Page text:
Doulton’s range of limited edition loving cups and jugs are avidly collected around the world and their enduring popularity can be attributed to the fantastic detail and riot of colour present on each of the 30 plus examples first produced in 1930. 

  
Originally the brain child of Charles Noke, he was often assisted by another of Doulton’s most skilled craftsmen, Harry Fenton and both of their signatures can be found on their work.

Doulton’s Pied Piper Jug was produced in a limited edition of 600 pieces in 1934 and designed by both Noke and Fenton. Measuring 10″ it depicts the two aspects of the famous take on each side: the removal of the rats watched over by the mayor and then the children leaving after the town’s refusal to pay the Piper his fee. As was typical of these limited edition pieces the base is also of great interest; here there is a version of the tale printed for collectors.

  
Of course the story is actually based on legend although it’s precise origins are not clear. Certainly the town in Germany, Hamelin, exists and plays upon this famous legend. A stained glass window once in the town and dating to 1330 depicted the tale and it is well documented in the Luneburg manuscript (c.1440-50) where the story is recounted in detail.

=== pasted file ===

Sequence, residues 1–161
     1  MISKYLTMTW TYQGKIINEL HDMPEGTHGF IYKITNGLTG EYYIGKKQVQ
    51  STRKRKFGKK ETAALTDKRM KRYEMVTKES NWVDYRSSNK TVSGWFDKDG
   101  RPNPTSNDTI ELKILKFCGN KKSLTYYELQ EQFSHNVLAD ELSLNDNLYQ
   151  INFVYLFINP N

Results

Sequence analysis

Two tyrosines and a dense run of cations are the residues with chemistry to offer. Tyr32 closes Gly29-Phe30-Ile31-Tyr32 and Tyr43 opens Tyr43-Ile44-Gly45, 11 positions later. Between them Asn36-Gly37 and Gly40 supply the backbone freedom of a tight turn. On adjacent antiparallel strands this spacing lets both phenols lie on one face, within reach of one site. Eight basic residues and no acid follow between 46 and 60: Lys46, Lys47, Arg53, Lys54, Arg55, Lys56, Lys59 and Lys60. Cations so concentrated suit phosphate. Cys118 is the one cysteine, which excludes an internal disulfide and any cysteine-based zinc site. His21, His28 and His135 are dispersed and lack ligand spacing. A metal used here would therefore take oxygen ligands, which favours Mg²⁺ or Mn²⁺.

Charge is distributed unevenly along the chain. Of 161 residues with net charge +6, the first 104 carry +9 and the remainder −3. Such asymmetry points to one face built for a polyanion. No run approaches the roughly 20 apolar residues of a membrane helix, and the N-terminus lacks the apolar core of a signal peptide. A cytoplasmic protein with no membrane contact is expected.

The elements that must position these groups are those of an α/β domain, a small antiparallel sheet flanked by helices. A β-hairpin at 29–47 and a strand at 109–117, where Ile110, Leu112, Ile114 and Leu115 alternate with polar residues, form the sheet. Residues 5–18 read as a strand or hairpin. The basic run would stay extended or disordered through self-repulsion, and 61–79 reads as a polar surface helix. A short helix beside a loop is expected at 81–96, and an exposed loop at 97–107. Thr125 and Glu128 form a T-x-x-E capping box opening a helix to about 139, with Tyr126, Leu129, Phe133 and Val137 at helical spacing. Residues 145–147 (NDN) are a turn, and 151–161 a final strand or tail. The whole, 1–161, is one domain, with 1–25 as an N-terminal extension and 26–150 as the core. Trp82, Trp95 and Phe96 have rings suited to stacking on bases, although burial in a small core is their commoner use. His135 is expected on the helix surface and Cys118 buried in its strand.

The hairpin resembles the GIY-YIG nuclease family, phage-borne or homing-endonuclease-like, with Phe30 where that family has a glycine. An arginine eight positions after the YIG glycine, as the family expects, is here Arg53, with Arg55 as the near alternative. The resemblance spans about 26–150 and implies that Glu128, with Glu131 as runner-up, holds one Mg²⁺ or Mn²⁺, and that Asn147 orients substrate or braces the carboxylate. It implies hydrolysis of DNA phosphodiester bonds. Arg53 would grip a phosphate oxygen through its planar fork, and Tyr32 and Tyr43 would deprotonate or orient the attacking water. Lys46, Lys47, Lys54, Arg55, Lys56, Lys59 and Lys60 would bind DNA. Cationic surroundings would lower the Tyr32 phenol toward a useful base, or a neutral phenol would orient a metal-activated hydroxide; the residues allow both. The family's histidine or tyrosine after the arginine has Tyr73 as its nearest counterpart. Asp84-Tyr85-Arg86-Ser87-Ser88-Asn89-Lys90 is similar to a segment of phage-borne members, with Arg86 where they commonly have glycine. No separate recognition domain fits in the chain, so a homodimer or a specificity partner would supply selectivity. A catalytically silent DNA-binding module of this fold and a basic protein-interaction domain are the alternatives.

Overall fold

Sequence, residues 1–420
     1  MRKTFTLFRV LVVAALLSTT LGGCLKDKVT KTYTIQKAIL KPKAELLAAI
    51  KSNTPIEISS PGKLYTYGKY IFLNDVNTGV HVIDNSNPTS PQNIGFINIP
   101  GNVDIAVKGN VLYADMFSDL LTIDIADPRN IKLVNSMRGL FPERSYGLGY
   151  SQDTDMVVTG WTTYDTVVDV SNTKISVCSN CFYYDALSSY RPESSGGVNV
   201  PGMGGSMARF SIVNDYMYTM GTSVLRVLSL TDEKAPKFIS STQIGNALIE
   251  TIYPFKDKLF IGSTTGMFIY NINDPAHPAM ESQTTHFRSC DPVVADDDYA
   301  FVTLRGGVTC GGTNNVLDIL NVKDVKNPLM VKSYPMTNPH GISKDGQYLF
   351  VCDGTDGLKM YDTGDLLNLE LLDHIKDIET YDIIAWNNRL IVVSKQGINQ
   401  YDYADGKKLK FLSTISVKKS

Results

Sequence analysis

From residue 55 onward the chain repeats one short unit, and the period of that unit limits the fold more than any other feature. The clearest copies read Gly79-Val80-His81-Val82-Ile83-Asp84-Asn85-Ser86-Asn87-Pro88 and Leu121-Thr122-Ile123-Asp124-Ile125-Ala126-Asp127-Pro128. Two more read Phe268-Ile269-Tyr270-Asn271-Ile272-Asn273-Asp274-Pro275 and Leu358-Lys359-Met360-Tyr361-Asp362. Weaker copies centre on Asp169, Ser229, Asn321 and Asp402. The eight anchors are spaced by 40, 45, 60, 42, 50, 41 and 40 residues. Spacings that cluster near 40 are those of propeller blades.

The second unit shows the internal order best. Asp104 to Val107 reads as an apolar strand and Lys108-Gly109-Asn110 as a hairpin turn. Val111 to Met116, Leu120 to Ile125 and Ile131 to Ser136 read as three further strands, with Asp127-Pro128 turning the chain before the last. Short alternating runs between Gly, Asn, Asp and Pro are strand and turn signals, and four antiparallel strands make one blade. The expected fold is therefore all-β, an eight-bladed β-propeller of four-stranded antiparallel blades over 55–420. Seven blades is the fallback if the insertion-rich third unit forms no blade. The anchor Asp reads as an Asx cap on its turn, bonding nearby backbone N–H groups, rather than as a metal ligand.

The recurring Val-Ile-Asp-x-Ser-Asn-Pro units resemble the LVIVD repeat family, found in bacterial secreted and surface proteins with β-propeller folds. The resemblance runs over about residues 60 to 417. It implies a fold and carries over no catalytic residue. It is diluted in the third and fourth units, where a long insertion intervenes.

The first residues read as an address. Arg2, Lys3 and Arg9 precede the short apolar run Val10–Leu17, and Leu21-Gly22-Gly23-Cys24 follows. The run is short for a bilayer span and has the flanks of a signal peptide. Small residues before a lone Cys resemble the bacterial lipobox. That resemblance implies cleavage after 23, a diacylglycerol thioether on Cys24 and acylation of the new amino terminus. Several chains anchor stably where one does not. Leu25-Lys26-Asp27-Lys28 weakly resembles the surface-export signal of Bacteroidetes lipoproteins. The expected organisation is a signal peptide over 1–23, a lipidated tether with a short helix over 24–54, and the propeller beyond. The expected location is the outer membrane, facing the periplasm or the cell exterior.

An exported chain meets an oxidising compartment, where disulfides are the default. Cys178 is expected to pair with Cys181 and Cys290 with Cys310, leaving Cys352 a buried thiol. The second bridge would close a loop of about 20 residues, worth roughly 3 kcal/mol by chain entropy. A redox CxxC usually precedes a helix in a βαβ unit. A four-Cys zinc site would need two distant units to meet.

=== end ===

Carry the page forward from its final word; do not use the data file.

Whether you collect just these limited edition jugs or Royal Doulton generally, this piece will sit perfectly with a collection of similar jugs and there are also a plethora of other Pied Piper related Doulton items from Character Jugs to figures to collect, to make an eye-catching display! 

  

Mirror, mirror …who is the fairest Doulton lady of them all? 

Whilst bouquets of splendid flowers, fans and ermine muffs may be what Doulton ladies are typically modelled holding, mirrors too can be found being held aloft by a small selection of figures both old and new.

 Lady Pamela HN 2718.


Camille HN 1586(L) and 1648(R).

Perhaps contrary to traditional views of what is virtuous and what is not, a figure admiring her own beauty was possibly not considered a positive trait and maybe the reason why there are so few ladies holding mirrors?


A prototype from 1940. Another variation of this lady has appeared holding a mask instead of the mirror.

Alternatively, perhaps it is the precariousness of having an arm stretched out holding a mirror that explains why so few ladies have appeared holding mirrors. Certainly when one looks at Harradine’s the Mirror you can see how fragile that little hand help mirror is!


The Mirror HN1852.

Whatever the reason it is something of a shame as the selection shown illustrate how wonderfully stylish these ladies are.